Every pound counts. It might seem very light when you pick an item, you plan to carry. Would highly recommend to do a practice hike with the weight you plan to carry prior to the hike, to get an idea how much you can really carry and for how long.
Pit toilets. I found it to be much cleaner than couple of my prior experience, but still these are NOT flush toilets. Since you are ready for backpacking , hopefully you would be willing to tolerate it.
No benches at the camping site. Almost all car camping sites have wooden benches where you can sit/cook and eat. None on the sites we stayed, and you realize how important these are only after 6 hrs of strenuous workout, and the reach your destination, looking for space to sit.
Would highly recommend carrying sleeping pads: For me a good night sleep is more important than a delicious dinner. Found it difficult to find a flat surface to camp in Jay Camp for 2. You realize if its really flat only after you lie flat on the ground.
Mosquitoes: Do carry Mosquitoe repellent.
If you do not have strong knees, atleast one hiking stick is helpful.

End of the day if you enjoy nature and have a good company, you will enjoy the experience. I did, and would recommend to all enthusiasts.
Lastly Berry creek fall had water, although not a lot.

Visited on Aug 08, 2015

by afalcar on Aug 17, 2015
Excellent training day-hike for ultralight backpackers like myself. Easily finished the whole 31 miles (from Castle Rock) in 11.5 hours and ready for more. I've done this route as a day-hike twice before and every time it was a great workout. Go get some!

Beginners should skip my review and carefully read what other backpackers wrote about this hike.

Advanced hikers/runners who did something similar in the past should skip my review as well - just figure out transportation situation and go, do your thing ;)

Intermediate hikers, who wants to test their endurance and get into long-distance hiking... should probably look for some tips on sites like Andrew Skurka's (
To avoid injury, do a few shorter hikes (15-20 miles) a week or two before this one. Wear comfortable shoes and good socks. Make sure you have enough fuel - there is a store at Big Basin HQ, but I would call them before the trip to make sure they will be open if you plan on getting food there. Same goes for water - after some rains, you can easily find and filter water along the trail, but during the dry season, you might be out of luck. Check with the rangers before your hike to get an idea about the conditions on the trail. Hiking poles are a good idea - you can do it without the poles, but your knees might not like it.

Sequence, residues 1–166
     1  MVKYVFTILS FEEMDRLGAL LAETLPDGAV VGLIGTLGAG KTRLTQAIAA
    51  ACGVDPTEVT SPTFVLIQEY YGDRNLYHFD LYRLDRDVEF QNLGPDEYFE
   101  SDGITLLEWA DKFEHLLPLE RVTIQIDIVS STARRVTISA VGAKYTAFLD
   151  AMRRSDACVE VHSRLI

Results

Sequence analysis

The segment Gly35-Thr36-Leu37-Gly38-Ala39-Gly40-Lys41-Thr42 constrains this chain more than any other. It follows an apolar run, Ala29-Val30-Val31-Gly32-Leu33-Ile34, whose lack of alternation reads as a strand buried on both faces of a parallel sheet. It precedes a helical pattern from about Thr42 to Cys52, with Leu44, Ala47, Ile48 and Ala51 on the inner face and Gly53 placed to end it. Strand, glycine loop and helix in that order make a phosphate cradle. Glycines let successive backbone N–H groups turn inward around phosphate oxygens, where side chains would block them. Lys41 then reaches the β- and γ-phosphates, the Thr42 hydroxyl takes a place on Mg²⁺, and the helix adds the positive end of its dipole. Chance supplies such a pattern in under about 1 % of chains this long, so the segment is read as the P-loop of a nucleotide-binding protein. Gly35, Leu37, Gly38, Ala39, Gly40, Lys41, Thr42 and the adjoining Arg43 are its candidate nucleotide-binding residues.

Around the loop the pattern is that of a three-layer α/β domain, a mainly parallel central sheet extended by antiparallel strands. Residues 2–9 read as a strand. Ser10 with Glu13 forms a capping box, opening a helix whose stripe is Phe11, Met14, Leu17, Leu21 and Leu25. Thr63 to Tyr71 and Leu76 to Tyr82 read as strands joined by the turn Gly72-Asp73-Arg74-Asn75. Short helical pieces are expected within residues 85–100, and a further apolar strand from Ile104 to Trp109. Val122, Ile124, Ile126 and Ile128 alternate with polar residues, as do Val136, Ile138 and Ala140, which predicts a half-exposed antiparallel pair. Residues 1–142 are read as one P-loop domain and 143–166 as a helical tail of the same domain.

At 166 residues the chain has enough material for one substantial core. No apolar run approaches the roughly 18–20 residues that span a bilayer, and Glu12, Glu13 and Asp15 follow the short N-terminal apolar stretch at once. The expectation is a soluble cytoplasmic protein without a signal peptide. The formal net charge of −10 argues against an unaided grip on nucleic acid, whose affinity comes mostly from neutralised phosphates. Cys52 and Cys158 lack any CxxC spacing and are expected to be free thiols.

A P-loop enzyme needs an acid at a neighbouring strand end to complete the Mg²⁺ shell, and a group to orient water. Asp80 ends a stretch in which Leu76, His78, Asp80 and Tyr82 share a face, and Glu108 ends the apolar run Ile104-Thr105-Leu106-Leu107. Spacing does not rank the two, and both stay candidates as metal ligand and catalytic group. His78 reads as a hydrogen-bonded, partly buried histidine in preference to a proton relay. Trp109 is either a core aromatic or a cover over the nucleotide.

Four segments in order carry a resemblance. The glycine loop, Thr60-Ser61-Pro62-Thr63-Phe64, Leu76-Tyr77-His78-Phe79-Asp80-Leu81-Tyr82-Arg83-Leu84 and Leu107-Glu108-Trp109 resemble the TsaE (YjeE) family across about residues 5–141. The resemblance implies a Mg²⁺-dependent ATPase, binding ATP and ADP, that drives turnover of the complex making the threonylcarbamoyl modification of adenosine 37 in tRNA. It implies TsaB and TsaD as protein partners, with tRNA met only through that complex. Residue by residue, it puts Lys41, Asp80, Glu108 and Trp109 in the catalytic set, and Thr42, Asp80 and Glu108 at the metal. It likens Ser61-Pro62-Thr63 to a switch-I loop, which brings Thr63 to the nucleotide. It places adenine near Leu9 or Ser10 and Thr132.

Here's the way I usually do this hike:
Meet one of my buddies at Waddell Beach and leave one car there. Drive to Castle Rock and start hiking. At the end, we pick up the car from the beach and drive back to CR for the second car. Go home and take a shower.

I prefer to wear:
light trail-running shoes with Wrightsocks (built-in liner), runner shorts, light synthetic t-shirt.

I like to bring my Exos 48 backpack and carry:
headlamp, down jacket (MH Ghost Whisperer), light warm hat, sun hat, water filter (Sawyer Mini), Camelbak (3L), hiking poles (Black Diamond Alpine Carbon Cork), and my poncho-tarp if it's raining. Oh, you might want to bring some moleskin just in case a blister sneaks up on you (unless you don't mind them).

I did this trail once entirely on fresh fruits (bananas, apples, strawberries, etc.). Feels great, but a bit of a hassle. Protein bars, gel shots, electrolyte powders are much easier to deal with. You should know what works for you though.

That's about it. Have fun and share your experience with others!

Visited on Mar 14, 2015

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Visited on Mar 15, 2015

by singaqq on Mar 15, 2015
u need very comfortable shoes.... quite a difficult hike

by inqueba on Jul 17, 2014
i visted with my wife... it was a wonderful experience

by hairtransplant on Jul 17, 2014
I was really amazing place
Visited on Mar 04, 2010

by centrums on May 13, 2014
Great thanks for info, i want to going their

by inizchetan on Feb 26, 2014